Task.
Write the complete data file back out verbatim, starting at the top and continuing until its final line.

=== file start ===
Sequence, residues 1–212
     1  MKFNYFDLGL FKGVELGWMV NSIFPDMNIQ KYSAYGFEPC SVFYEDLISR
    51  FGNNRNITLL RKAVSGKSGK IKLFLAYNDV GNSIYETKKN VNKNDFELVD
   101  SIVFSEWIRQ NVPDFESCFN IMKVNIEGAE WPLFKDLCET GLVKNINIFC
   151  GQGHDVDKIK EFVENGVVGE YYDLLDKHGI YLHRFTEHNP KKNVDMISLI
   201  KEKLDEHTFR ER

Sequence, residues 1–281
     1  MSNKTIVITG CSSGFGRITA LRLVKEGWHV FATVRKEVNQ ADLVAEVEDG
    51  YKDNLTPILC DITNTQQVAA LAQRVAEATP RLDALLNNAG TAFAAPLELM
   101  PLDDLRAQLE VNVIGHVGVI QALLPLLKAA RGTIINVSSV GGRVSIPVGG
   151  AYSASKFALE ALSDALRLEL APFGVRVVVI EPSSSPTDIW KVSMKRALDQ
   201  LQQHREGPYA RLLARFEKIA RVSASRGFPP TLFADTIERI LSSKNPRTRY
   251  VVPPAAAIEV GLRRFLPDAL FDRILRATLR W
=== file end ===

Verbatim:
Sequence, residues 1–212
     1  MKFNYFDLGL FKGVELGWMV NSIFPDMNIQ KYSAYGFEPC SVFYEDLISR
    51  FGNNRNITLL RKAVSGKSGK IKLFLAYNDV GNSIYETKKN VNKNDFELVD
   101  SIVFSEWIRQ NVPDFESCFN IMKVNIEGAE WPLFKDLCET GLVKNINIFC
   151  GQGHDVDKIK EFVENGVVGE YYDLLDKHGI YLHRFTEHNP KKNVDMISLI
   201  KEKLDEHTFR ER

Sequence, residues 1–281
     1  MSNKTIVITG CSSGFGRITA LRLVKEGWHV FATVRKEVNQ ADLVAEVEDG
    51  YKDNLTPILC DITNTQQVAA LAQRVAEATP RLDALLNNAG TAFAAPLELM
   101  PLDDLRAQLE VNVIGHVGVI QALLPLLKAA RGTIINVSSV GGRVSIPVGG
   151  AYSASKFALE ALSDALRLEL APFGVRVVVI EPSSSPTDIW KVSMKRALDQ
   201  LQQHREGPYA RLLARFEKIA RVSASRGFPP TLFADTIERI LSSKNPRTRY
   251  VVPPAAAIEV GLRRFLPDAL FDRILRATLR W